As year-end approaches, here are a few planning tips you may find useful. TIP #1: Which M&A-Related Tax Forms to Expect, and When. If you were a securityholder in a company that was sold in 2017, you will likely receive a tax form reporting the amount of proceeds that were distributed to you. In addition, you may receive additional tax forms related to companies sold prior to 2017 if you received post-closing proceeds from escrow releases or milestone payments. These proceeds are typically reported on IRS Form 1099-B, which, if required, must be sent to you by February 15, 2018.
The fundamental investment priority of an escrow is to ensure that the assets held in trust are safe and secure. Considering this primary goal and the need for immediate liquidity, escrow investments are typically not viewed as accounts that are associated with earning high yields. However, a creative and well-crafted escrow investment can offer the potential to contribute meaningfully to returns without sacrificing the safety of the escrow assets or the liquidity requirements.
The 2014 SRS Acquiom M&A Deal Terms Study found that 66% of deals in 2013 included some sort of post-closing purchase price adjustment, typically based on a combination of the seller company’s working capital, cash, debt and transaction expenses. In the majority of such deals, any dispute over the purchase price adjustment is referred to the independent accounting firm that was agreed upon and named as the chosen arbitrator within the acquisition agreement. Since the arbitrator has already been named, it would seem that the arbitration process would be relatively simple and straightforward. In reality, however, SRS Acquiom has found that implementing the arbitration process with an accounting firm is often a difficult and time-consuming process.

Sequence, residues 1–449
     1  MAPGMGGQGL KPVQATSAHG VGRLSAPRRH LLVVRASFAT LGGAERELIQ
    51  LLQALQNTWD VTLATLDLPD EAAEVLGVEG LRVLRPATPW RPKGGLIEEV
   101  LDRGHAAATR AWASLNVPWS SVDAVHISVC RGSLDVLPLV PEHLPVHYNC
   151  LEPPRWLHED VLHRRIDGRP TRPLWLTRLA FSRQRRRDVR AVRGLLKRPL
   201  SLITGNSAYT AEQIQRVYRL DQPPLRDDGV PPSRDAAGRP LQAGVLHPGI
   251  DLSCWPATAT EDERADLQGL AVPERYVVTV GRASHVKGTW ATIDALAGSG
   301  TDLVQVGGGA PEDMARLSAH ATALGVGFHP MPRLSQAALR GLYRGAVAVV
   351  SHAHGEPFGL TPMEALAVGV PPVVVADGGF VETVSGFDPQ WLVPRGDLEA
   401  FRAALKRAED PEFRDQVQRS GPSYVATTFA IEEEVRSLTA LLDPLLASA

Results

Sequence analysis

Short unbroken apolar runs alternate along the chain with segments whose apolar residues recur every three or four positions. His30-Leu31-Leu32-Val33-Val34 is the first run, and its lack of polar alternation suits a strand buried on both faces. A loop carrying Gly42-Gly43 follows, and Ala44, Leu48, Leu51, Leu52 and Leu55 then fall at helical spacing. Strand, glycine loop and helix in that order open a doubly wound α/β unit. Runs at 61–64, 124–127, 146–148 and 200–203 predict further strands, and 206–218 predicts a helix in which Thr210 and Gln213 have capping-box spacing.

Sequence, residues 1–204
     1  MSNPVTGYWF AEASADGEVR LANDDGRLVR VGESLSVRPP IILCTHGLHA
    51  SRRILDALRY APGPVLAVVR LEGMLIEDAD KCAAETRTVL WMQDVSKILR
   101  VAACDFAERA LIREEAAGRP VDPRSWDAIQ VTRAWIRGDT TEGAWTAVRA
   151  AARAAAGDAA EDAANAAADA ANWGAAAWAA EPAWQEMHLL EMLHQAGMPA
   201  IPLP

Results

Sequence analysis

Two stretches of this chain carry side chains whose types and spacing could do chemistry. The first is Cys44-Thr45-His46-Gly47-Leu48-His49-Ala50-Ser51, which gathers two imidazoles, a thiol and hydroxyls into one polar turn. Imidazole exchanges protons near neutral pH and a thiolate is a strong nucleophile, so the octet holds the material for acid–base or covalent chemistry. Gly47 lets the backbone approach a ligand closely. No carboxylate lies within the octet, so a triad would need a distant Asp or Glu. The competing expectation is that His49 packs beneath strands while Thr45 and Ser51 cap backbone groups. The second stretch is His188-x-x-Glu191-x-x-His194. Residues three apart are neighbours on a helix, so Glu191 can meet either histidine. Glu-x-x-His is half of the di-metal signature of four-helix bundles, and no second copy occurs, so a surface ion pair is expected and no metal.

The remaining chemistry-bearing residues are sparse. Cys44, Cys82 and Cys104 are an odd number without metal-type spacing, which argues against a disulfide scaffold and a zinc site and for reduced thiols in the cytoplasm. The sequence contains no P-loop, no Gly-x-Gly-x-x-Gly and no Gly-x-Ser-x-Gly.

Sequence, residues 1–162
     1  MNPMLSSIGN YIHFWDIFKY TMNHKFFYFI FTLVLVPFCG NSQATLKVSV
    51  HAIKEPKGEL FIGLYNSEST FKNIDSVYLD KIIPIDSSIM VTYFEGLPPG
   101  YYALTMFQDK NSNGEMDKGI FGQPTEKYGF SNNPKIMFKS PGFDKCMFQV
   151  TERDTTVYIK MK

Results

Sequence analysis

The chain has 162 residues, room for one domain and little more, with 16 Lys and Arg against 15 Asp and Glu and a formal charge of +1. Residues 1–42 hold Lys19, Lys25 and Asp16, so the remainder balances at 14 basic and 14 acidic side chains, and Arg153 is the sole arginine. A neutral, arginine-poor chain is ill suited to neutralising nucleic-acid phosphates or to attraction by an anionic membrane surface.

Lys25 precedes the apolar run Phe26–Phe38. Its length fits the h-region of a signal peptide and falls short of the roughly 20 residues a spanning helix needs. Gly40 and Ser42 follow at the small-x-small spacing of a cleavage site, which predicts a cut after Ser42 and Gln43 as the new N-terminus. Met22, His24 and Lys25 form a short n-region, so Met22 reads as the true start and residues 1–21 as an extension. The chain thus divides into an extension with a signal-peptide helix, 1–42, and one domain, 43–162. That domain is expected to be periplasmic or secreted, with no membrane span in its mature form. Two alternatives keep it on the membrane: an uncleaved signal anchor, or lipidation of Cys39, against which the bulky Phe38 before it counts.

Taking the easiest way out is rarely the best decision, and that can be abundantly evident in M&A deal disputes settled through arbitration.
An analysis of merger agreements closed since the November, 2013 Great Hill ruling reveals no apparent consensus on how selling companies are assigning rights of attorney-client privilege related to pre-closing communications. Some agreements are silent on the issue, while others variously assign the privilege to the target company shareholders as a group, to the shareholder group and their post-closing representative, or to the representative only. We analyzed the frequency of these alternative formulations and discuss their pros and cons. Whichever approach is chosen, this is an important issue that should be considered by all selling companies in a merger and their shareholders
How your deal treats the payout of employee stock options can have significant payroll tax implications
When an acquisition deal is structured such that the target company’s employee stock options will be “cashed out” or automatically deemed “net exercised,” it can result in the payment of substantial payroll taxes by both the buyer and the employee that may have been avoided. There are numerous ways to handle employee stock options, all of which have varied tax consequences. For each treatment, it is important to understand the unique tax implications, as well as how those laws may be used most favorably for the participants involved. Additionally, understanding ideal treatment of an Incentive Stock Option (ISO) as well as structuring flexible plans can offer a solid solution for buyers and employees resulting in positive tax benefits.